The book will be available for purchase Fall 2011 as an electronic download (PDF) from http://creativesandbusiness.com and will be compatible with PC’s, laptops, tablets, and most readers. The download will also include the Visual Business and Marketing Plan and Cash Flow Budget templates.

About the Author

Neil McKenzie has over thirty years experience as a marketing consultant and corporate marketing executive. He has developed and currently teaches the course Artrepreneurship at the Center for Innovation at Metropolitan State College Denver. Neil was also a founding faculty member of the Regis University MBA program in the late 1970’s.

Neil is a columnist for ColoradoBiz Magazine where he writes a column on Colorado’s Creative Economy and business tools and techniques for creative professionals. He is a frequent speaker and presenter on business and the arts to arts, business and educational audiences. When Neil isn’t working to grow the creative sector is he a commercial photographer specializing in business and personal brand photography by combining his marketing moxie with his skill behind a camera.

Financing for artists – An Introduction

Every art business needs money to operate and grow and yours is no exception. You don’t need to go to business school to understand the basics of business financing – learn the basics and you are well on your way to keeping your art business viable and growing.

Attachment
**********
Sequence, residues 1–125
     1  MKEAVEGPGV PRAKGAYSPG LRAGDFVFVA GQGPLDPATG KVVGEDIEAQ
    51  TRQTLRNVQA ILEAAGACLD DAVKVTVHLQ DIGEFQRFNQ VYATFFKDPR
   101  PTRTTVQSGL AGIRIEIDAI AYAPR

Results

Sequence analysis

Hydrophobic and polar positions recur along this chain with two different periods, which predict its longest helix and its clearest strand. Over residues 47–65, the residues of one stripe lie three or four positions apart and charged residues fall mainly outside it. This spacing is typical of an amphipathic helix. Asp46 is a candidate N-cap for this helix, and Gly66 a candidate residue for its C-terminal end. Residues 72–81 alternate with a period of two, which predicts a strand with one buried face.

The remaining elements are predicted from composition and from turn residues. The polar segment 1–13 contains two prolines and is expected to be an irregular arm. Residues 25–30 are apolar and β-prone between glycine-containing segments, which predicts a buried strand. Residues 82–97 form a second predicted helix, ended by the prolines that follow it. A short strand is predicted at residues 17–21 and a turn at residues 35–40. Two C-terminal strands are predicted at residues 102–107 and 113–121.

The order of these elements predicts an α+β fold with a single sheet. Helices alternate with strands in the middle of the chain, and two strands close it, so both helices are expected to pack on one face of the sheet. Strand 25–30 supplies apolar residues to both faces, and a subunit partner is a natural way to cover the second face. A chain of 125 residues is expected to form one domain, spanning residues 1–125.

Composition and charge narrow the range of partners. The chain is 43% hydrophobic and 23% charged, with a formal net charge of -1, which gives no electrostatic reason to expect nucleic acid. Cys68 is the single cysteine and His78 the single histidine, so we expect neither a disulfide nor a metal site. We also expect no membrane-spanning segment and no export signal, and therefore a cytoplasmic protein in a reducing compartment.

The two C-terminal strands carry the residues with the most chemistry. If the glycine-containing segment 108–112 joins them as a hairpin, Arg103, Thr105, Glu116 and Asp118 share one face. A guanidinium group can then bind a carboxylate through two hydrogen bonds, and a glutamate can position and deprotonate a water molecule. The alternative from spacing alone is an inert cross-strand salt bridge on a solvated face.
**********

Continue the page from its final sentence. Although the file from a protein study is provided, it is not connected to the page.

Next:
Why you may need financing

There are many reasons why you may need to finance your business. You may need extra capital for a short time or your need for financing may last many years. A few examples are:

  • Purchase a new studio or building
  • Purchase new equipment or supplies
  • Fund living and travel expenses for a new project
  • Pay back high interest loans
  • Provide working capital for operations such as marketing, rent, employee expenses, etc.

The Two Major Types of Financing

There are many ways to look at business financing and one of the basic ways is to categorize financing into two groups: Your Money, and Other People’s Money (OPM). Most every business starts with using the owner’ or founder’s financial resources. As the business grows and this may be sufficient but for many businesses outside capital is needed.